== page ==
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Dr. Fauci: Americans should never shake hands again, even after the coronavirus crisis is over


'I don't think we should ever shake hands ever again, to be honest with you'

ERIC BARADAT/AFP via Getty Images

Dr. Anthony Fauci, a leading health expert on the White House coronavirus task force, said that Americans should never shake hands again, even after emerging on the other side of the coronavirus pandemic.

"When you gradually come back, you don't jump into it with both feet," Fauci said recently in a podcast interview with the Wall Street Journal. "You say what are the things you could still do and still approach normal. One of them is absolute compulsive hand washing; the other is you don't ever shake anybody's hands."

Later in the podcast, in which Fauci discussed what it will look like when America eventually returns to normal after the pandemic, the infectious diseases expert doubled down, insisting that avoiding the practice will curtail the spread of other diseases, too.

"I don't think we should ever shake hands ever again, to be honest with you," he said. "Not only would it be good to prevent coronavirus disease, it probably would decrease instances of influenza dramatically in this country."

Fauci, who leads the National Institute of Allergies and Infectious Diseases, also seemed to suggest that hand-shaking may not be the only practice that will be dropped from customary practice after the outbreak subsides.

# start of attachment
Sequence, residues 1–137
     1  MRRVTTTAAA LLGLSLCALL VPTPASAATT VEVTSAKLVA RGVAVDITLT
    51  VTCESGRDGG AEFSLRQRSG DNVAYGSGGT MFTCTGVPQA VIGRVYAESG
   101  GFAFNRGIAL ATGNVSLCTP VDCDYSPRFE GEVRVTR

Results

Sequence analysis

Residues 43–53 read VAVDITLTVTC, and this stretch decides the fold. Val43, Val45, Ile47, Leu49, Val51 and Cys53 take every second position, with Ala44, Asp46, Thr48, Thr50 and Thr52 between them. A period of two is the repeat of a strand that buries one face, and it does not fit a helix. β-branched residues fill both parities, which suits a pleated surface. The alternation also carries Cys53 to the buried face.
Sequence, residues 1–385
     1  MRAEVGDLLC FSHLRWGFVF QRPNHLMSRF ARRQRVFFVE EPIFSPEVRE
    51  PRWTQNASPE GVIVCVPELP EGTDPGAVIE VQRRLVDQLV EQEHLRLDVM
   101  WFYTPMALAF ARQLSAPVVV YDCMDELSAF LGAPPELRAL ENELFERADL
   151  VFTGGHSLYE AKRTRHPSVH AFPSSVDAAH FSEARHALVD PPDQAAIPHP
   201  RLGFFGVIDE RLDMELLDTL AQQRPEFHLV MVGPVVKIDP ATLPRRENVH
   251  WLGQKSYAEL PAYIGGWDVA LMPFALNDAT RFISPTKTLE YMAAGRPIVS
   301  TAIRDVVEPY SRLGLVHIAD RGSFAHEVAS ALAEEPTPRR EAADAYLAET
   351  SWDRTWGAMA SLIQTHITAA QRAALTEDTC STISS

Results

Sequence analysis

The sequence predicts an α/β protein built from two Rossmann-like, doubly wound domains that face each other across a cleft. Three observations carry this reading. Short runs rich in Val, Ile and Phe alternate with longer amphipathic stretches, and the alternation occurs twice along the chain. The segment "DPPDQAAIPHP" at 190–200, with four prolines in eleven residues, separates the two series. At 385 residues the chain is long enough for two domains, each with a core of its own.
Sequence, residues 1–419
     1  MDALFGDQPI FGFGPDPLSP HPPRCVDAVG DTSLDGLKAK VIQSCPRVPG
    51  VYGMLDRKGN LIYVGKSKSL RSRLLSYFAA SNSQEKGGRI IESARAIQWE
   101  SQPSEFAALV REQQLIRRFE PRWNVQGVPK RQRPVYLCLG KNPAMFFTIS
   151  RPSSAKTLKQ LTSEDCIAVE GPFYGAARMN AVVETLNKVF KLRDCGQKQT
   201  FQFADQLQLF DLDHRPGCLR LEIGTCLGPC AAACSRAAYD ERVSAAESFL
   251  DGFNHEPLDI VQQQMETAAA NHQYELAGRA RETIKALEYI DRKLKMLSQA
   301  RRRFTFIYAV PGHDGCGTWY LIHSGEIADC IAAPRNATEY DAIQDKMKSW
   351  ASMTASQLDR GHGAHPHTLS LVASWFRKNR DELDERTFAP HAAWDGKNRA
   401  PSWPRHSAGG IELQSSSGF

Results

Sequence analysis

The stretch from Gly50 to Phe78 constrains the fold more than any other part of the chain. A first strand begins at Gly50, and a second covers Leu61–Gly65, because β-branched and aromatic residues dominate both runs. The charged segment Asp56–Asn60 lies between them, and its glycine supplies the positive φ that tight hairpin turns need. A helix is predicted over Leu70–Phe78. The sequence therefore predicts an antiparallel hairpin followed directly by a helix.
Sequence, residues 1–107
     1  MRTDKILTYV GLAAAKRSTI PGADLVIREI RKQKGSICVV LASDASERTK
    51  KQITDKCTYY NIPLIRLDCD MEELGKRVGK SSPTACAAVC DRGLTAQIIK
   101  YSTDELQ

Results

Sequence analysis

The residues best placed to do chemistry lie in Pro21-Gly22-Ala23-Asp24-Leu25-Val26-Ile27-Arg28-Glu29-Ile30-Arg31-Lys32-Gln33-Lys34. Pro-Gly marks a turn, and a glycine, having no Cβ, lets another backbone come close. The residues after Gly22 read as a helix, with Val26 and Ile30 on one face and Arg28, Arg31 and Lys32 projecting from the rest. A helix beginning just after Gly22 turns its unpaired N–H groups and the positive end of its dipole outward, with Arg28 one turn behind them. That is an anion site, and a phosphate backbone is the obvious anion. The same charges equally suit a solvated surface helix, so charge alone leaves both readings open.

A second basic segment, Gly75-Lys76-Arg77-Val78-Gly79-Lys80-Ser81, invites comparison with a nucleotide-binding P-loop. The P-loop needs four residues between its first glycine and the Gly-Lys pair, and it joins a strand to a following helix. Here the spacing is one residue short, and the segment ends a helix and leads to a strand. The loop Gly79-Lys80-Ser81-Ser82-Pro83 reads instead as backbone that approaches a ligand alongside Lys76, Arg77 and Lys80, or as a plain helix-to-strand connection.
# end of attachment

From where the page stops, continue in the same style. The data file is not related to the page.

"I don't think we're ever going to get back to free-flying lack of attention to what transmissibility of infections are," he said. "I think that people are going to be careful."

"But can I as a resident of New York City hug my 77-year-old mother with vulnerable respiratory systems?" podcast host Kate Linebaugh interjected at one point.

Fauci advised her that she shouldn't — at least for now — especially living in a vulnerable area like New York City. But once an antibody test is widely distributed, which he said could be in the next few weeks, and if that antibody test tells her that she has been infected and has defeated the virus, then yes.

"I can imagine a situation where you take an antibody test and you are absolutely positive that you were infected and you did well, then you could hug the heck out of your grandmother and not worry about it," he said.

Americans are currently living under social distancing guidelines released by the White House at least through April 30. Additionally, a majority of states have implemented stay-at-home orders to combat the spread of the disease.

When asked for a timetable for returning to normalcy, Fauci expressed hope that we would see "light at the end of the tunnel" by the end of April.

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